SFF drives are used in all BL series servers, in all 3xx, 5xx, 7xx series servers, in HP StorageWorks 1200r, MSA 50, MSA 70 storage systems, as well as in the Storage Server line.
As we can see from the applicability list, SFF solutions are intended to be used in midrange and highend servers, as well as in compact storage systems, while LFF solutions are suitable for entrylevel servers and storage systems where storage of large amounts of data is required. Installing LFF drives into entrylevel servers is of course justified due to the low cost of the drive.
Cost of the most common SAS drives:
72Gb SAS SFF SP 15K drives are offered for $ 495, while 72Gb SAS LFF SP 15K drives are offered for $ 240. As we can see, disks with the same characteristics, but different in form factor, differ in cost significantly. I would like to emphasize that the maximum capacity at the moment for SFF is 146Gb, and for LFF disks 1Tb.
Let's compare the power consumption of the same drives:
Name  Form Factor  Consumption in operation, W  Standby Consumption W 
72Gb 10K SCSI  3.5  12.9  8.0 
72Gb 10K SAS  3.5  13.4  8.1 
72Gb 10K SAS  2.5  8.4  5.3 
72Gb 15K SCSI  3.5  13.2  8.2 
72Gb 15K SAS  3.5  13.7  8.6 
72Gb 15K SAS  2.5  9.5  6.6 
The low power consumption of 2.5 ”drives is striking. In order to understand whether server users will benefit from energy savings, consider a typical file system:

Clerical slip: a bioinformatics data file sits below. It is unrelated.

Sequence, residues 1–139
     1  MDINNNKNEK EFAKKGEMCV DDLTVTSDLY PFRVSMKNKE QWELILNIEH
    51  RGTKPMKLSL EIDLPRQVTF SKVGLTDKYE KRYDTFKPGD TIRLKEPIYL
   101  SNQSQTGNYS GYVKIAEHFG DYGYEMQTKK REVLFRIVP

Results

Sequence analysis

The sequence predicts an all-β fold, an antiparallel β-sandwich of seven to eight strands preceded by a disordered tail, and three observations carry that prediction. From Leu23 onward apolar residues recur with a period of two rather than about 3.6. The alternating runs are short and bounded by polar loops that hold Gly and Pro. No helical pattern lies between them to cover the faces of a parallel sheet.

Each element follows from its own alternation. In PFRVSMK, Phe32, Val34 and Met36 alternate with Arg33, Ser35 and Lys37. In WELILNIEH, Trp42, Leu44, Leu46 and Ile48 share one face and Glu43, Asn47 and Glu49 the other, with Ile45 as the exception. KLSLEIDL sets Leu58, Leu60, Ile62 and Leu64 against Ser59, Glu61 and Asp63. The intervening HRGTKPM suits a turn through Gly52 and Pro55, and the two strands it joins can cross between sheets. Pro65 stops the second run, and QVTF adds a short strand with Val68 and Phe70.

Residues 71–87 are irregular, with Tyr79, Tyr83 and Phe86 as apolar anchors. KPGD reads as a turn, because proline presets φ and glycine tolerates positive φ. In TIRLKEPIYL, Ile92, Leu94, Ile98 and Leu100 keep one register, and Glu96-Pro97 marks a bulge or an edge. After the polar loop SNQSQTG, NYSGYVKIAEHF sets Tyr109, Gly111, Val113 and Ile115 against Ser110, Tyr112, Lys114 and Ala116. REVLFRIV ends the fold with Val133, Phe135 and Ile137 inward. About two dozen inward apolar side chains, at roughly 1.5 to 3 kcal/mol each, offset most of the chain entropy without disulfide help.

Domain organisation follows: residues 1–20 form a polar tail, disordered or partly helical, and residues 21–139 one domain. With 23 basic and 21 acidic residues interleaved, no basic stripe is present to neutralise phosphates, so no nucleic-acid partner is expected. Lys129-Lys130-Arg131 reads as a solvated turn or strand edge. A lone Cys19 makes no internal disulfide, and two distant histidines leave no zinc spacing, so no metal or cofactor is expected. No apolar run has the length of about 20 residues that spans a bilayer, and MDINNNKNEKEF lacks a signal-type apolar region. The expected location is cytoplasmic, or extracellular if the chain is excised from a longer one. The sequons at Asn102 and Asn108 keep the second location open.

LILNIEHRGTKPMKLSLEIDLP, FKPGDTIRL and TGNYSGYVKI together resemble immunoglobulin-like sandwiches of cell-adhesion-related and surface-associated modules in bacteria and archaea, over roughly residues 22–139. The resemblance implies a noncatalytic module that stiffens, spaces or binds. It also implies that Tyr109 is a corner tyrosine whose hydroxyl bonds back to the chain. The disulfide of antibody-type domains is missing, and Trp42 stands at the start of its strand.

1Tb file system using Raid 5:

8 * 146Gb 10K SAS SFF maximum power consumption of this system is 8 * 9W = 72W

4 * 300Gb 15K SAS LFF maximum power consumption of this system is 4 * 18.5W = 74W

15 * 72GB 15K SAS SFF maximum power consumption of this system 15 * 9.5W = 142.5W
Actually, there is no energy saving on SFF disks when building large raids, because this increases the number of disks. SFF drives are advantageous in terms of energy savings when used as system drives, when large volumes are not required, and 24 drives are required in a raid. In all other cases, a careful calculation of electricity is required, taking into account the reduction in disk power consumption during idle time. On average, an SFF drive with the same size and rotational speed as an LFF drive consumes 40% less power. From this it is easy to understand that if the number of disks in a raid doubles when moving from an LFF to an SFF form factor, then such a transition will increase the power consumption of the entire file system.